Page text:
On July 9, our class toured the National Maritime Museum. It is located in Greenwich, which required a short ride on a river taxi. The museum was founded in the 1937 by Sir James Caird. Our guide for the museum was Michael Bevan, who is one of the archivist. Any books that are before 1850 are considered to be rare books. Modern books, or anything later than 1850, belong to the museum, and are part of the working collection. The oldest item that the museum has is an atlas dating back to the 16th century. The oldest manuscript item the museum has is a contract document for the vessel “Our Lady.” The reading room is broken up into parts by a glass enclosure, so that there is a quiet section. Librarians and archivists work the desk to answer questions. The museum gets 200 written inquiries per month, and another 120 by phone. The museum has 3 sites for offsite storage, and items are retrieved once a week from storage.
The librarian showed us documents relating the to funeral of Admiral Nelson, dated January 9, 1806. His body was put in a lead coffin, and was filled with brandy to preserve the body. HIs body and casket were held at Greenwich hospital for three days for the wake. 7,000 people attended his funeral.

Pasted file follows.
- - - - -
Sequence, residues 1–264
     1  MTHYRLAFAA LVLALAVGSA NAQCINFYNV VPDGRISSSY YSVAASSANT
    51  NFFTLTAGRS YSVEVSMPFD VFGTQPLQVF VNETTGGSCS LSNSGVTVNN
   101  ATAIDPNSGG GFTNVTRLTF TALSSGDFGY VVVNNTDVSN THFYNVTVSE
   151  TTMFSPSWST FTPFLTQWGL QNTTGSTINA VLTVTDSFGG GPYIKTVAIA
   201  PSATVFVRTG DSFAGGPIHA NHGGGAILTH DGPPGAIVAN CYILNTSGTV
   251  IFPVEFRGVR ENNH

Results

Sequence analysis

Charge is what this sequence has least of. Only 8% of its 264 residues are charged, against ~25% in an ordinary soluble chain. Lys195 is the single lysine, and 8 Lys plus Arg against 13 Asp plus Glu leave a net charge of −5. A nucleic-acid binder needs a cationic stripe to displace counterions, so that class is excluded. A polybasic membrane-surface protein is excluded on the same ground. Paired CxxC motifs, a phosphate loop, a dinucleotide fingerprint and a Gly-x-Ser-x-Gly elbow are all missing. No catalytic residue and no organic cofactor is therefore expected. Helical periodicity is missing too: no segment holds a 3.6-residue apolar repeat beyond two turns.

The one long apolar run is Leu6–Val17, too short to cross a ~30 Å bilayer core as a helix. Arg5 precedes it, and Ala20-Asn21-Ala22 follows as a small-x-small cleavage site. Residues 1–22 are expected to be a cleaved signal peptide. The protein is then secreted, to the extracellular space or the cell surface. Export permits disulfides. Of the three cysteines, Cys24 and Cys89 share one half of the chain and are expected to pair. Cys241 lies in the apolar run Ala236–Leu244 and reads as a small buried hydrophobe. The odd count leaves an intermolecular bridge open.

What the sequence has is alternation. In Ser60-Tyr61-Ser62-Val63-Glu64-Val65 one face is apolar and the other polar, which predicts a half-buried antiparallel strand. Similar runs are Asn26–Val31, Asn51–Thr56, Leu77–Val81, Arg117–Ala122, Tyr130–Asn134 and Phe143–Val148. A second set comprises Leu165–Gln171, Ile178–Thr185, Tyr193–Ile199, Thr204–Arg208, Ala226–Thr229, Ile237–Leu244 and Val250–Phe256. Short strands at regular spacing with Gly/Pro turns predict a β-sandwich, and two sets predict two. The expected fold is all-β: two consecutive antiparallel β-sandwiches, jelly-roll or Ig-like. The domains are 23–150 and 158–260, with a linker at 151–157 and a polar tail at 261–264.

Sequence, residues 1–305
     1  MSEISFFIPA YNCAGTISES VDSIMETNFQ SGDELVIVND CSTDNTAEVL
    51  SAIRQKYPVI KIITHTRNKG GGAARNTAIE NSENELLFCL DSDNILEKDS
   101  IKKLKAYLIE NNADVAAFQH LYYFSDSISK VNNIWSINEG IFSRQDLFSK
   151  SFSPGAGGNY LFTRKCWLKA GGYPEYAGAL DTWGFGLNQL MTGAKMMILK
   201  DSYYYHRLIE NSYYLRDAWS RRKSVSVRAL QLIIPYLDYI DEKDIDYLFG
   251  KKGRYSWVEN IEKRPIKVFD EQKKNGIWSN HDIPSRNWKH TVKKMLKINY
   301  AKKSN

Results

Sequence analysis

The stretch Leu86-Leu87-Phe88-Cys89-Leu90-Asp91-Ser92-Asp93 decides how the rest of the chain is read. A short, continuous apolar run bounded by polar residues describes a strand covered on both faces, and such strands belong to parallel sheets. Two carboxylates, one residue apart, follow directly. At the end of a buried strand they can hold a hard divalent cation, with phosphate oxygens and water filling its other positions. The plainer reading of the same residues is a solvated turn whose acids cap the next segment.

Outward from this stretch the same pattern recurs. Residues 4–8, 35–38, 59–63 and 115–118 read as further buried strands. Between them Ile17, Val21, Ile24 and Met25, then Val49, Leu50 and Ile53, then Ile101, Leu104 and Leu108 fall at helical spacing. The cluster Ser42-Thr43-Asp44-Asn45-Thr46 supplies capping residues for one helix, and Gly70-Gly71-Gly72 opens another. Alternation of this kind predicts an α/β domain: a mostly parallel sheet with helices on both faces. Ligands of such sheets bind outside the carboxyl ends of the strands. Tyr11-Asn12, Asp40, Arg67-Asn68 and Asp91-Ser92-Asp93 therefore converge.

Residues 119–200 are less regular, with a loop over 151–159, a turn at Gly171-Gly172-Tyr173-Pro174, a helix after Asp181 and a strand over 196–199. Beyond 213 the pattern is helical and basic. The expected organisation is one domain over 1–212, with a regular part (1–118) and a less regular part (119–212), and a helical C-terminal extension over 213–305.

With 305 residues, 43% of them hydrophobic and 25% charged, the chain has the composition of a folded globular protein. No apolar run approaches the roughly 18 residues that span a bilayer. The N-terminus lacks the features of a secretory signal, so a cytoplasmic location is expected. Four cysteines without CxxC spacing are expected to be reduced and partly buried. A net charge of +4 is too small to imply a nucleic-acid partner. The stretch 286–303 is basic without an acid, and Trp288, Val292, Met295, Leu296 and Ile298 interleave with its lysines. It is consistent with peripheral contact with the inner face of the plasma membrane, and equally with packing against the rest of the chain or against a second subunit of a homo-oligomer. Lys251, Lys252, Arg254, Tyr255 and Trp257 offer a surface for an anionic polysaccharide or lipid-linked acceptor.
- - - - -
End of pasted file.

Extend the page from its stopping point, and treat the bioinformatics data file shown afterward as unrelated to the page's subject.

While in Greenwich, a group of us decided to tour the Painted Hall. It was designed by Sir Christopher Wren and Nicholas Hawksmoor in 1698. We also visited The Queen’s House. It was the first fully classical building in Britain, and the only surviving building from the Palace of Greenwich.
One question that was never answered involved the crest that was above the entrance door. The crest has a lion and a unicorn on it. The unicorn has a chain around it. No one was ever able to tell us why.